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TEACHING YOUR CHILD

Funny things, fragments; it's all in phrasing

Funny things, fragments; it's all in phrasing

November 01, 2002|by LISA TEDRICK PREJEAN

Sentences and phrases are subjects of interest in my household.

Subjects, predicates or lack thereof.

My son is learning that a sentence is a complete thought. He's willing to play by the rules, but he wants everyone else to follow suit.

If I point out that one of his spelling word sentences is actually a phrase, he'll mention that I don't always talk, or write, in sentences.

If I write, "Good job!" on something he has done, he'll say, "Mommy, that's not a complete sentence."

OK.

The next time I write, "You did a good job on this assignment!"

He smiles.

Sometimes he'll climb on my lap as I'm writing a column and point out typos or unfinished sentences.

Precocious? To a fault.

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(Actually, he's turning into a pretty good editor.)

I just thank him, point him toward the stairs, and tell him to go to bed and let me finish working.

He also notes that phrases are sometimes used in the books he reads.

I can't argue with that.

Writers often use phrases for emphasis. I have. Today.

There are five phrases used prior to this sentence.

Overkill? (That's six.) Probably. (Make it seven.)

My 7-year-old needs to know the difference between a sentence and a phrase, but I don't want to make this a big issue. (Even though it sounds like I already have, eh?) I don't want to hinder the creative process.

Many times we parents are looking for perfection when it comes to our children's writing.

Admit it. You've wanted to correct a misspelled word and almost forgot to notice the terrific content - descriptions, emotions, active elements - of your child's writing.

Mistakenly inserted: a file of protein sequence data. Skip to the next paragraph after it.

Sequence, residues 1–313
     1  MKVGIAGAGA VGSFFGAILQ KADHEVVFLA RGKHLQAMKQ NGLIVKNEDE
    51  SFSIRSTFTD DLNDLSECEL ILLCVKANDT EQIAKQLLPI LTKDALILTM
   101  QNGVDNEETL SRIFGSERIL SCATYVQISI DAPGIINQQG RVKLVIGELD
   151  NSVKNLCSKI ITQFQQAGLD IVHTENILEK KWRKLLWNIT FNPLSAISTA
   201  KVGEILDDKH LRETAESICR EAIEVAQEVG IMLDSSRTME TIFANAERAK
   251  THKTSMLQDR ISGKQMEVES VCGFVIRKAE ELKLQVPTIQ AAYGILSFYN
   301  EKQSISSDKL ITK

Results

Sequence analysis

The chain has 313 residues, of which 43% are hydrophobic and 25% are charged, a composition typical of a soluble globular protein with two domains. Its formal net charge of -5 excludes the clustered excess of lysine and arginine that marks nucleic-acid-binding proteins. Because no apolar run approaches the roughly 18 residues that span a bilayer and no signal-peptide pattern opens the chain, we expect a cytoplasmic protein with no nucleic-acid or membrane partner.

"How do we get across to kids what they need to know without squelching their desire to write?" asks Tina Stowell, reading improvement teacher at Old Forge Elementary School.

Notice what is good about the piece.

"If your child shows you something he's written and all you see is the misspelled words, you're missing the forest for the trees," Stowell says.

Writing is the communication of ideas. You want to make sure your child feels his ideas are accepted.

"Kids should be able to write about what they want to write about," says Laura Mood, a writing consultant at Old Forge Elementary School.

It might not sound good to you, but don't attempt to change what the child is trying to say, Mood says.

Strike a balance between emphasizing content and form, Stowell suggests. Content showcases the ideas, creativity and style of the writer. Form is basically how the content is presented - grammar, punctuation, etc.

The two elements almost need to be approached separately, Stowell says.

Content matters most.

Try a prewriting exercise to discuss ideas, recommends Kittylee Harbaugh, writing teacher at Salem Avenue Elementary School.

During this exercise, a "word bank" of unusual words may be established.

Harbaugh shows her students a picture and asks them who is in the picture and to describe what they are doing.

She uses a paint brush to add color and help the children explore descriptions. If a child doesn't know how to spell a word, he is encouraged to sound it out. If you focus too much on spelling in the initial draft, children will only use words they know.

"If you stop to get the dictionary, you'll forget what you were going to say," Harbaugh says.

Give them a purpose for writing, such as a pen pal, suggests Mood, a former elementary school teacher.

Try some practice exercises. Write with the child. Let him write what he knows and then fill in the parts he doesn't know. This will give your child confidence when he has to do a writing assignment on his own.

Encourage him to make revisions. This goes beyond checking grammar and spelling. Will the reader have questions that need to be answered?

Form will come as a child learns rules, but content needs to be fostered and encouraged gently and in a non-threatening way.

Allow your child to see you writing, whether you're writing a letter, drafting an e-mail or completing the grocery list. This will help the child see that writing is a process. Changes are made at various stages.

"They have to see adults writing just like they need to see adults reading," Harbaugh says.

Lisa Tedrick Prejean writes a weekly column for The Herald-Mail's Family page. Send e-mail to her at lisap@herald-mail.com.

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